FiveStars modernizes loyalty programs. The only drawback? You
As long as there are tech blogs and science fiction, there will always be the debate of humans versus machines. (That is, until the machines rise up and silence all debate.) More specifically, a few weeks ago, I wrote about a human labor force versus an automated one, with the eventual ubiquity of apps like Fandango remaking or displacing part-time jobs in the service industry.
Box office ticketers and cashiers aren’t going away tomorrow, but there are companies that do aim to change the dynamic of these jobs. One of them is FiveStars, a company that specializes in loyalty programs for the digital era. FiveStars signs up both mom and pop shops and large national chains for its loyalty card – one "master key" of sorts that can be used at all participating stores and restaurants. Member companies then get access to all the customer data accrued from the program and are coached by FiveStars on how to roll out their promotions.
The Y-Combinator alum raised a $13.9 million in August from Lightspeed Ventures and DCM, and in late September the company began a program signing up all the shops off of University Avenue, becoming the official VIP card of downtown Palo Alto.
One area the company touts as having real potential, though, is in changing the experience of point of sales transactions. When a FiveStars cardholder swipes his or her card, the employee behind the register all of a sudden has a wealth of information on the person standing in front of him. While any loyalty system might provide a cashier with basic info like a name, FiveStars claims it’s the only one to integrate directly into the POS system and provide information oh how much people spend and what they might buy.
In a way, this could make the offline world look just a bit more like an online retailing experience. Think about it: For a consumer, the Internet is a very hospitable place. Cookies and simple software features have made personalized shopping experiences so commonplace that it’s nothing out of the ordinary for me to go to a website and be greeted with a “Hello, Richard.” That’s been a hallmark of the Internet since its earliest days. “Just imagine if Amazon didn’t know who you were,” says Victor Ho, the company’s CEO.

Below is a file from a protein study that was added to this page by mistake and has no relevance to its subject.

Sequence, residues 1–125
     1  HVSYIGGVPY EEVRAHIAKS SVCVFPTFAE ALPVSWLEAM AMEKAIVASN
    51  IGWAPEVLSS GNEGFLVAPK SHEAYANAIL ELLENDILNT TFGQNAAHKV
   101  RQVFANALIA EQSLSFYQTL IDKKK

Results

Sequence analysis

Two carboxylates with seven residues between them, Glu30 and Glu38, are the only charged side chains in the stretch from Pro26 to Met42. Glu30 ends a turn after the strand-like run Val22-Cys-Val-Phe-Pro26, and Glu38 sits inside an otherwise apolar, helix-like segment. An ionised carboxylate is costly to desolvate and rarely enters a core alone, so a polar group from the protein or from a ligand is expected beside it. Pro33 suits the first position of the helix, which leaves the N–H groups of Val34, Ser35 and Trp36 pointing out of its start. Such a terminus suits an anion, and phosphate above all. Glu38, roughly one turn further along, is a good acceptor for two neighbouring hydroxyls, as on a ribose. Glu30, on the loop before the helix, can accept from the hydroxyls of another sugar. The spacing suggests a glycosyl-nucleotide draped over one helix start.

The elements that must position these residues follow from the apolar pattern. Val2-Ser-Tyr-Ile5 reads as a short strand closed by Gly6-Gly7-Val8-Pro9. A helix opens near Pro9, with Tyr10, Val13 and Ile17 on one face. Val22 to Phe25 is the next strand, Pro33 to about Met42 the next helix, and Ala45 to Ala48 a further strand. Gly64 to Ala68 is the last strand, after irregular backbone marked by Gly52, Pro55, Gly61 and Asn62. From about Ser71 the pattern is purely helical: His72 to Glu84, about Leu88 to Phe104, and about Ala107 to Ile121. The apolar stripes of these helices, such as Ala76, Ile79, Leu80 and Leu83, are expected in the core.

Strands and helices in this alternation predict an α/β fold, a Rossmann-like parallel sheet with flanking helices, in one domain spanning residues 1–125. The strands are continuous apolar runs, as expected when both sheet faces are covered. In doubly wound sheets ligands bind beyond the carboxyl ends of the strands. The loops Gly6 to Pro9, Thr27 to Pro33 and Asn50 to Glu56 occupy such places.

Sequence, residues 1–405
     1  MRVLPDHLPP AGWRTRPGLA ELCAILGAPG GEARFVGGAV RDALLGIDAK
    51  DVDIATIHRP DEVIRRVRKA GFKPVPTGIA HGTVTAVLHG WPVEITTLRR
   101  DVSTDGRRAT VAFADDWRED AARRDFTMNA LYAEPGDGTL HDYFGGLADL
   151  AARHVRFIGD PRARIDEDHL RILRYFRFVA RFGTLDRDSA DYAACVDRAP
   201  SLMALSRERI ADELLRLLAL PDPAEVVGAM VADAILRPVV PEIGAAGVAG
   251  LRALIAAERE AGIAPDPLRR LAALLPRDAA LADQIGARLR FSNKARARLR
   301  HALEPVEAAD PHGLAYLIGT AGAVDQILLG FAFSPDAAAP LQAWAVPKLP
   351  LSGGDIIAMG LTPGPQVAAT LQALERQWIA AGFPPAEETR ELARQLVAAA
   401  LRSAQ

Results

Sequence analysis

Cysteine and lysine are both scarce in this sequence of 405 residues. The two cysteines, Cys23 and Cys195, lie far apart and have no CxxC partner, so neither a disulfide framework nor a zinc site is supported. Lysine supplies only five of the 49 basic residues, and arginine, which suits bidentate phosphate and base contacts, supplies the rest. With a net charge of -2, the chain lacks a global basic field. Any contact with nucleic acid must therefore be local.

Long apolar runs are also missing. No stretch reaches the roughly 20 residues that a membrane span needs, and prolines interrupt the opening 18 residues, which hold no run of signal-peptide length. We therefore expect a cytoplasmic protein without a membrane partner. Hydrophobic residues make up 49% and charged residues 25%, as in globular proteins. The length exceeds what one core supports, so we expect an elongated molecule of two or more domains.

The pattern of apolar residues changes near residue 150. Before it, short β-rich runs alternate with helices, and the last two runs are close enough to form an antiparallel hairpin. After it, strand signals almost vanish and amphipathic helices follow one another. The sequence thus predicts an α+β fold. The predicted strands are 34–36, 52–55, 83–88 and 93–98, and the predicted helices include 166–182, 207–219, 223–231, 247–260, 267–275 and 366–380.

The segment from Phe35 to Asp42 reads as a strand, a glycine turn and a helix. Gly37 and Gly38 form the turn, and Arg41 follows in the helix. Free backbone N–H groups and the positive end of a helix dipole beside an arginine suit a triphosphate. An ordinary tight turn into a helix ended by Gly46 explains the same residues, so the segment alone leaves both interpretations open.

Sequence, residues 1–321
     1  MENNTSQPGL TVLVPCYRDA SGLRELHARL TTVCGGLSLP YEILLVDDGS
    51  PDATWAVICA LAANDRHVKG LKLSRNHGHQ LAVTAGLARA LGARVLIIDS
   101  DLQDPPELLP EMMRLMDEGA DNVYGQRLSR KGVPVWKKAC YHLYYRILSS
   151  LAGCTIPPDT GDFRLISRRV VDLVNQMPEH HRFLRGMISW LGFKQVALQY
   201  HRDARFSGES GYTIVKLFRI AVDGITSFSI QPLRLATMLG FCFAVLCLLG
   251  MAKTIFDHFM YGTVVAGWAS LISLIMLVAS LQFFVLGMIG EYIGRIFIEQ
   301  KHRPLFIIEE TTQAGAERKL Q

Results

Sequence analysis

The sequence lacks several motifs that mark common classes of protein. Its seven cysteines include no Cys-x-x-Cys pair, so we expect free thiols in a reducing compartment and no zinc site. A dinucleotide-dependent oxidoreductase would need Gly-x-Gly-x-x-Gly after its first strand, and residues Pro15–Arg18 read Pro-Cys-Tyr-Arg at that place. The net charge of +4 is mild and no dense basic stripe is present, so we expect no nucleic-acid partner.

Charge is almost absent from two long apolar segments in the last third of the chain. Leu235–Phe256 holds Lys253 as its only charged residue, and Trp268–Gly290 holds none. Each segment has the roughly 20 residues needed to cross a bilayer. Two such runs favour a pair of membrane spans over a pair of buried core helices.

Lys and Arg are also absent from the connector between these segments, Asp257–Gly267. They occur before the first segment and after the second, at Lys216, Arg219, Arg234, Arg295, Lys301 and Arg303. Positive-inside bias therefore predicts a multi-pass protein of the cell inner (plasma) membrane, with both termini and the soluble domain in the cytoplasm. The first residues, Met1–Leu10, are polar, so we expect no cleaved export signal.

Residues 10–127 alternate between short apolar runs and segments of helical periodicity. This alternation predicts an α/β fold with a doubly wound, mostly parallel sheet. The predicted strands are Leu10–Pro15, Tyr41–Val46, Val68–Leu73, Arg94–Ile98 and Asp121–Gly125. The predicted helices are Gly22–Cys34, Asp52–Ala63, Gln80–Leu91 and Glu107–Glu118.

He makes a good point, but there is one thing standing in the way of the technology sparking a customer service revolution: people. No matter how much information the service provides, it means nothing if a human worker can't put it into action.
One of the most endearing things to me is finding a place where the person behind the counter knows what I want when I walk into a store, and asks if I’ll have the usual. I’ve only found three places like that in my lifetime and even that number seems high. That kind of service, which FiveStars is trying to recreate, only comes from a real familiarity with the customer.
I don’t think there is anything wrong whatsoever with trying to game that relationship with a data cheat sheet that appears on the point of sales device. It’s like cramming months or years of building a customer/employee relationship into the time it takes to swipe a card. It would be like getting mad at Amazon for knowing what I bought last week. But you can’t automate how an employee will use that information. Chris Luo, FiveStar’s VP of marketing and Facebook’s former global head of small and medium business marketing, admits that it does ultimately fall on the employee’s shoulders, and it comes down to an issue of employee training.
Out of sheer coincidence, a few hours before I met with the FiveStars guys, I had lunch with a Silicon Valley VC who was complaining about the service he had in a store. He was at the register, ready to buy an expensive new gadget, when the cashier inadvertently talked him out of the purchase by asking him if he’d seen a new model that hadn’t even been released yet. In this very technology driven store, the most influential factor was the human.
FiveStars has done well to provide that underlying technology, but there is still that human variable that stands in the way of a full-fledged guarantee of an upgrade in customer service. I don’t know what the company can do about that, short of providing employee training itself – though maybe that’s a possibility for the future. People will never be as efficient as a machine. And a machine will never be as warm as a person. For now, call it a stalemate?
[Image courtesy: atomicShed]